Sign Felix to an Extension- Priority: 3
There have been rumors that this is quite likely, and I’d expect something to happen soon after the World Series. If it doesn’t happen, it’s not a huge deal as he’s under contract for two more years. All signs point to him being interested in an extension. Now seems like the time to do a deal, and doing it now cements a part of the Mariners future. If they can’t sign him and have to consider a trade, that throws the future hugely into flux.
Add a Starter Better than Jason Vargas- Priority: 2
I’d expect the Mariners to add a starter (or possibly just resign Vargas and Hisashi Iwakuma), but it’s more likely to be a back of the rotation guy, similar to Kevin Millwood. That’d be fine too, but adding someone better through free agency does a couple of things. For one, it makes them better, now and in a couple of years. Felix and Zack Greinke is a lot better than Felix and Vargas, or hoping one of the youngsters matures rapidly. Felix and Michael Pineda are the exceptions, because it usually takes a rookie a couple of years to get to that level, if they ever do. Also, adding a rotation anchor allows them to more easily trade one of their pitching prospects, the best trade chips they own. Adding bats through free agency could be tough, so a trade might be the only way to get someone they can both depend on now and for the next five years.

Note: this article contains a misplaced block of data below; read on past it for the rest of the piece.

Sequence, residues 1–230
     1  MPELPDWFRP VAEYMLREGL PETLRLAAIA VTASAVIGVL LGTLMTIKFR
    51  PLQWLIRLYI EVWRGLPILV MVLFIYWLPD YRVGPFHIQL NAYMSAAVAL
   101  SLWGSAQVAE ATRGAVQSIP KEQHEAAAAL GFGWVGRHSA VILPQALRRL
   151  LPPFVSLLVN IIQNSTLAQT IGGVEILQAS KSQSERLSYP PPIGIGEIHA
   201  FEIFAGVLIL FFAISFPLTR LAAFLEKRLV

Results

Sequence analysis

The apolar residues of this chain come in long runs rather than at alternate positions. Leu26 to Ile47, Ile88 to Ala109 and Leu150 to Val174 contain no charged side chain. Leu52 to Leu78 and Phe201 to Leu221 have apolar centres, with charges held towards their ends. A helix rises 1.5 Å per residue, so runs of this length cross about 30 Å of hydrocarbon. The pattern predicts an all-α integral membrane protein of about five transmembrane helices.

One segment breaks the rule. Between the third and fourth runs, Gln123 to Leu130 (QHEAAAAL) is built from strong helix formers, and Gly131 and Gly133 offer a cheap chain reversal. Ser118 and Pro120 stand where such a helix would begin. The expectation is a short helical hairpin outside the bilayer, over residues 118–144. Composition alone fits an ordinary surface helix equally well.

Decide on a Plan at First Base- Priority: 3
Everyone hopes that Justin Smoak’s late season hot streak is a harbinger of actual consistent production, but no one’s planning on it. The Mariners have to decide what they’re going to do if Smoak can’t do it. Do they transition Montero to first base, or give Mike Carp another shot? Is it time to look for a young first baseman in trade, or pick up some insurance in free agency? I don’t know the answer, and hopefully Smoak can continue his rise from the dead to make it a non-issue, but Zduriencik and company need to have a back-up plan. No production at first base is incredibly hard to overcome, especially when there’s not much production anywhere else either.
None of this is particularly brilliant. Just about any fan could come to similar conclusions. The problem is that every team in baseball is looking for similar players. The Mariners have to be better at identifying them. They’ve excelled at that in drafting under this regime, but their major league decisions have been a mixed bag at times. They have to decide which free agents are worth the money it will take to sign them. If that isn’t a possibility, they have to identify worthy trade targets and then decide which of their prospects are worth parting with.
Figuring out the moves to make isn’t hard. Figuring out how to make them is.